Vietnam: a deeper educational and cultural immersion

This trip to Vietnam was nothing less than spectacular and transformative. It was one of the best trips and experiences of my life. A unique group of people attended the trip, all from diverse backgrounds, all incredibly different. Yet we found common ground and similarities, creating a very different bond you can’t make with your classmates at university.

Being put into an uncomfortable environment with these people who seemed like strangers at first helps develop the newfound relationships with which all the students are returning home. I know for sure I am. Additionally, having a student ambassador along for the ride with us was extremely helpful, as they offered direct insight into the world we were stepping into.

Before going to Vietnam, I had this idea of an underdeveloped world like that of border towns in Mexico, yet I was pleasantly surprised by the reality of Hanoi. The buildings were tall and elegant, some even skyscrapers with magnificent lights beaming off them at night. The infrastructure was fascinating, and comparing it with other cities, like New Orleans or French towns, was also more connective to our learning.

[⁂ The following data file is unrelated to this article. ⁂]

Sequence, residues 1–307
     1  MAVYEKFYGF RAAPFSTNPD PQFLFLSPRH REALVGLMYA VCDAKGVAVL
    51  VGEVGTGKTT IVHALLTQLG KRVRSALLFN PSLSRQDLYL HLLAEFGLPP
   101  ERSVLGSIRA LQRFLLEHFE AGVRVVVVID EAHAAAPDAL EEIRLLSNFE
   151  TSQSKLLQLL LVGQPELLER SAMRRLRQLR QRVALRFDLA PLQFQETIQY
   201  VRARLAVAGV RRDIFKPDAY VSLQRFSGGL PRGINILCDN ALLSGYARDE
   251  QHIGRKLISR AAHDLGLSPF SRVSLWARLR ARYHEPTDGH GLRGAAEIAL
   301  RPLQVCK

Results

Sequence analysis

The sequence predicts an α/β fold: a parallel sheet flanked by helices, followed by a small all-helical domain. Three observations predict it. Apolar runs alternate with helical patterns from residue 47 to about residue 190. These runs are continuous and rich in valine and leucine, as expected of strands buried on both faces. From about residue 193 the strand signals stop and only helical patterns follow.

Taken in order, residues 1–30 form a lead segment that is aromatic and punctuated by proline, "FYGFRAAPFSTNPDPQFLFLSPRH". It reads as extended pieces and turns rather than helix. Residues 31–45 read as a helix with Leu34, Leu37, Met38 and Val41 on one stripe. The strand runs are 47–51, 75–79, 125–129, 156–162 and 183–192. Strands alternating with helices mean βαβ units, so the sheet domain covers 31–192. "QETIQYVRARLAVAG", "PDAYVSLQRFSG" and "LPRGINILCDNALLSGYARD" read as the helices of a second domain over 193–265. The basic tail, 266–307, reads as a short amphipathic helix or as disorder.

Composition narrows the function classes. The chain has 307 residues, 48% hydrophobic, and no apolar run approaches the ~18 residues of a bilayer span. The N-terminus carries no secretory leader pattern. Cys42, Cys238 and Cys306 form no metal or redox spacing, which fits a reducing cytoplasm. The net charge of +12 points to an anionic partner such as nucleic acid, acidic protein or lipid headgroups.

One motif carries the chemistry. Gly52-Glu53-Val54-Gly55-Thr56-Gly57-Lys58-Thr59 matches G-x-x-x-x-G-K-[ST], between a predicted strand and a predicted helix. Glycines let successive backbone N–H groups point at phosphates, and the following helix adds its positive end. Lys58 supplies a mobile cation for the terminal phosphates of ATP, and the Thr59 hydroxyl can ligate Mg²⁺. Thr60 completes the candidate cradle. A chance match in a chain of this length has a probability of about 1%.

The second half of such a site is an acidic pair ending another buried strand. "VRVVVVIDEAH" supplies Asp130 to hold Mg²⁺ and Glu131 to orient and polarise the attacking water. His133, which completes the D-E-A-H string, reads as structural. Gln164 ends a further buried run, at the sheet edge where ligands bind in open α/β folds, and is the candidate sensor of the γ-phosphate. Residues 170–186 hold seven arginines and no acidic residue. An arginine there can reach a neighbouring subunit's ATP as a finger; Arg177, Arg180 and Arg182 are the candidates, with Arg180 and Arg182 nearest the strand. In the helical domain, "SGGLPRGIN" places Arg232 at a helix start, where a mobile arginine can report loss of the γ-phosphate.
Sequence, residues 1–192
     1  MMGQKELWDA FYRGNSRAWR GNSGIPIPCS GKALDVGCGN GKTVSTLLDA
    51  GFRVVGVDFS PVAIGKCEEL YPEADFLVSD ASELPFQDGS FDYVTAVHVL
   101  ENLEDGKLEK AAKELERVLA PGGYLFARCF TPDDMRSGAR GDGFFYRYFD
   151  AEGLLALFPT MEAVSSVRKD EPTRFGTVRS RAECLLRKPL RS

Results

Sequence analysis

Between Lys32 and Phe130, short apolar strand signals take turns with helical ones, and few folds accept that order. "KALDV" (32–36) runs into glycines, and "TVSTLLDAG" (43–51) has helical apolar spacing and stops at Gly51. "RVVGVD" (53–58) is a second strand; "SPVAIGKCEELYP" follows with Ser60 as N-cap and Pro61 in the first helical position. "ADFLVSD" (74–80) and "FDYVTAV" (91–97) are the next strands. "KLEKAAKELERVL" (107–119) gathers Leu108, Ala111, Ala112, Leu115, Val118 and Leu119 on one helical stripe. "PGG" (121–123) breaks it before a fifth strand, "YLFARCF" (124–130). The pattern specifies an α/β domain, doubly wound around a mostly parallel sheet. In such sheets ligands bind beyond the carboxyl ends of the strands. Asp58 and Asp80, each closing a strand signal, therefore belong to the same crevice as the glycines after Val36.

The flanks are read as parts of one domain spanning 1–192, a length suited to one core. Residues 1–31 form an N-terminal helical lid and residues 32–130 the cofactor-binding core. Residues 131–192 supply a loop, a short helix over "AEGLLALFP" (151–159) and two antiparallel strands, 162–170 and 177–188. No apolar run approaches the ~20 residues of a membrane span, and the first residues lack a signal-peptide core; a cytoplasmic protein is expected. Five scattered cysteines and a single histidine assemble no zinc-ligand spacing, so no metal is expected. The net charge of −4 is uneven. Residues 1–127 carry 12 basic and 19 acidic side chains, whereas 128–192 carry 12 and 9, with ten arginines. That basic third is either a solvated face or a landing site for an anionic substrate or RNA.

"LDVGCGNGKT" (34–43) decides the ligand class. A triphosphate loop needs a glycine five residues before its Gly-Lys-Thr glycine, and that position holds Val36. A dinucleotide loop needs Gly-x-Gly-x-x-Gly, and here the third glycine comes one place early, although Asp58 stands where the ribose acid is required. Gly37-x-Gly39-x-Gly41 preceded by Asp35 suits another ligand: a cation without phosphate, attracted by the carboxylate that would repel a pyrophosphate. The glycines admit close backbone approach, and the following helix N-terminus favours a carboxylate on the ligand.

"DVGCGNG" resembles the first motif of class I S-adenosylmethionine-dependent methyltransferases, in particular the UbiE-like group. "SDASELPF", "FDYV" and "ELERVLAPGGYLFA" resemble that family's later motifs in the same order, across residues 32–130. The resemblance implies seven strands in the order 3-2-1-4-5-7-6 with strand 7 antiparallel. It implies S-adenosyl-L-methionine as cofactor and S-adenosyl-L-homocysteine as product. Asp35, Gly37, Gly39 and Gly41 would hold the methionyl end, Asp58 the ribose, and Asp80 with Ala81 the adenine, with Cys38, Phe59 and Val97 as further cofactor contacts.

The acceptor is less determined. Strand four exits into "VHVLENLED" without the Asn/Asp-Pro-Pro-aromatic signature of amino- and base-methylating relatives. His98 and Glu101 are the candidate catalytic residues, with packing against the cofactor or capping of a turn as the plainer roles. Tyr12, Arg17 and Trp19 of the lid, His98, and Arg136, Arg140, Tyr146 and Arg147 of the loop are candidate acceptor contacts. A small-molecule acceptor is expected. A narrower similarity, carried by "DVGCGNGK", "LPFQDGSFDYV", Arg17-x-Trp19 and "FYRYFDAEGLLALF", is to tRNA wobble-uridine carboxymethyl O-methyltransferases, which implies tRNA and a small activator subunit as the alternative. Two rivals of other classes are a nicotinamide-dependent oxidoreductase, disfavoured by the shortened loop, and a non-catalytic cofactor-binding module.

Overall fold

I found the dynamic of relationships there exciting, as people seemed happier than they do in the western world; it’s almost as if it doesn’t matter what is going on. The acceptance of what is the way it is. The Vietnamese don’t mind what is going on politically, as they believe they are doing it the right way, which varies significantly from western practices.

This connects to my next point of how it affected my studies and course. Within my degree, we spend a lot of time hypothesising how content would vary if written by non-Europeans; however, little of it supports these hypotheses. This understanding, for me, changed. To be able to engage with Vietnamese students who were studying International Studies and ask them about their political climate made me even more interested in exploring what exactly was going on and how it differed from that of western culture.

It was fascinating to hear students say that they support their government when outsiders believe it’s corrupt and communism is in decline. That may be true in some regard, but people there seem pretty at peace with how things are.

Field trips like this are significant in my eyes. The chance to immerse yourself in your studies helps broaden your understanding of the topics and the world. Never in a million years would I have been able to afford to visit Vietnam, yet here I am, having been there and planning on finding ways to return. These trips help make students more well-rounded, diversify their circle, and understand more about themselves and the world around them. If I had the opportunity to do something like this again, there is not a doubt in my mind that I wouldn’t say yes. This trip has changed me for the better.

Madeline Briscoe

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